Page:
Portrait of James Armitage
Jim Armitage, Emeritus Professor of Automotive Technology

Greetings from Professor Emeritus, Jim Armitage. The day I decided to retire, I experienced a single moment of career reflection. 30 years of my working life flashed by in mere seconds. What I saw was both amazing and concerning at the same time. Let me explain.

The year was 1989. I responded to a want ad for an Automotive Service Instructor at Waubonsee Community College. It was a dream job. Looking back, a decision I'd repeat without hesitation. That is the amazing part of choosing a career that "ticked all the boxes." I am leaving secure in the belief that I truly made a difference in the lives of countless students I had the privilege to teach.

Now, for that part that has me concerned.

As a Career and Technical Education (CTE) teacher--i.e. trainer, learning facilitator, mentor and/or coach--of automotive service technology, my philosophy was squarely focused on preparing students for entry-level employment in the automotive service field. The students who enrolled (and prospered) in classes back then could be characterized as mechanically inclined, good with their hands, and mostly visual learners.

Fast forward thirty years. It's a gross understatement to suggest that the modern automobile has undergone change. The very notion that the driver is on the verge of becoming obsolete suggests a heavy reliance on some pretty sophisticated technology. Today's vehicles require a level of engineering and design that boggles the mind. The incorporation of this highly sophisticated, complex, and costly technology requires an array of advanced electronics in the form of multiplexed networks, smart modules, AI sensors, and more. Suffice it to say, today's cars are not your "father's Oldsmobile" anymore. Changes that used to occur over the course of decades, now change annually, far outpacing the ability of many service technicians to keep up.

True, automobiles are evolving at an astonishing rate. Also true, however, is the fact that the traditional qualities that define traditional CTE students entering our industry-- mechanically inclined, good with their hands, and mostly visual learners--are no longer good enough. Without mincing words, many of the advanced skills that are necessary to understand, diagnose, and effectively repair modern automobiles support the need for a different caliber of student - one that is better prepared in areas like critical thinking, research skills, communication, time management, and study habits to name a few. For sake of discussion, I am referring to improved learning readiness emphasis for all students, at all levels of education.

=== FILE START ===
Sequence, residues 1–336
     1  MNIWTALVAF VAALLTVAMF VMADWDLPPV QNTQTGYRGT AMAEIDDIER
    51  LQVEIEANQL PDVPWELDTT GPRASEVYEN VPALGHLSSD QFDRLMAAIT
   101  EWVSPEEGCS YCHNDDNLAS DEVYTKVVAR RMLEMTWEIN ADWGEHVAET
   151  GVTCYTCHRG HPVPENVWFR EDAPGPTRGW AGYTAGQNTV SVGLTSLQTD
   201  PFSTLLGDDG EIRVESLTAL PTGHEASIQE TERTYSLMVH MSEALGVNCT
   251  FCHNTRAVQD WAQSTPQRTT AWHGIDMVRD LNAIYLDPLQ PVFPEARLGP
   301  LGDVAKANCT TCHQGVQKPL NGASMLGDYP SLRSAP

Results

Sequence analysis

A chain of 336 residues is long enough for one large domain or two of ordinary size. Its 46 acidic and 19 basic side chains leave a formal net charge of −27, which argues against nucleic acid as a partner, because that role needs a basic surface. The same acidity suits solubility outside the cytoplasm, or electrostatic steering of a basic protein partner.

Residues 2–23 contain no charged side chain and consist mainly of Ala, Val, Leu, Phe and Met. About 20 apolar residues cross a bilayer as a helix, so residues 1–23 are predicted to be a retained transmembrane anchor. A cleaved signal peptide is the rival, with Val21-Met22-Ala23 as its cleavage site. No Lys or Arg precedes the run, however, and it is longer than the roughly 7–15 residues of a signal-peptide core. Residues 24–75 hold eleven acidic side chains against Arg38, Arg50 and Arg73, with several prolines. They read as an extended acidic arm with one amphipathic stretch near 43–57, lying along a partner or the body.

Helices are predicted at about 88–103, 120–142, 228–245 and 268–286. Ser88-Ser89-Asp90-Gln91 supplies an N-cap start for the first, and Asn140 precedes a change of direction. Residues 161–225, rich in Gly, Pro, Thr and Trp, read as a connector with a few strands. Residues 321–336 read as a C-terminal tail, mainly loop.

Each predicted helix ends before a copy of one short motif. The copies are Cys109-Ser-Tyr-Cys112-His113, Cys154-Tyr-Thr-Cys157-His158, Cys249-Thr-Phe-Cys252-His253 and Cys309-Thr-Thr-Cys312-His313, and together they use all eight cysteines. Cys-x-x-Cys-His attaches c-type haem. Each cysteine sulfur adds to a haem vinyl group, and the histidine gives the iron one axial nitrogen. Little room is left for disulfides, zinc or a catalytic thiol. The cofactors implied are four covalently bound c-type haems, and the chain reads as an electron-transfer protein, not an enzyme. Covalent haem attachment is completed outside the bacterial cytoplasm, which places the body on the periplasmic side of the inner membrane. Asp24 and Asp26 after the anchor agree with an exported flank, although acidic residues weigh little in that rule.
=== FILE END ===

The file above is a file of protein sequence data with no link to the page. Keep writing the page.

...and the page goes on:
One does not have to dig deep to find evidence for the concerns I have voiced. Identifying problems without offering solutions is often dismissed as nothing more than a well-articulated rant or complaint. So, what needs to be done? How do we attract students with the qualities our industry now requires?

Some things to consider include:

  • Change prevailing mindsets by promoting with equal vigor the educational equivalencies of both a CTE-based degree and non-CTE degree. Changing the perception of modern CTE programs as something more than "job training" is a start.  The goal being to deepen the pool of perspectives of students that equate CTE with a traditional degree. There are volumes of published suggestions on how to accomplish this once the mind is opened to the idea.
  • Get the stakeholders involved early. We need to pursue inspired ways of communicating all educational options with parents, students, and counselors early in the educational process. Again, the information on how to accomplish this is readily available.
  • Target your message (recruit) to all students. Just once in my career, I would have appreciated the opportunity to visit a school with permission to promote the benefits of our automotive service program to the general student population as a whole. I always enjoyed speaking to the targeted students currently enrolled in automotive courses. Broadening the audience would have allowed for a different impact.
  • Student preparation in the "readiness" areas mentioned above should be incorporated in all classes for all students. The earlier, the better.

The well-defined, supported, and quality CTE programs available to students at Waubonsee are second to none, in my opinion. Unfortunately, the problem is not about what one educational institution is doing right or wrong. It is a much broader educational philosophy issue that requires change to keep up the pace with evolving industry standards. As a final thought, let's start from the premise--you don't have to be bad to get better.

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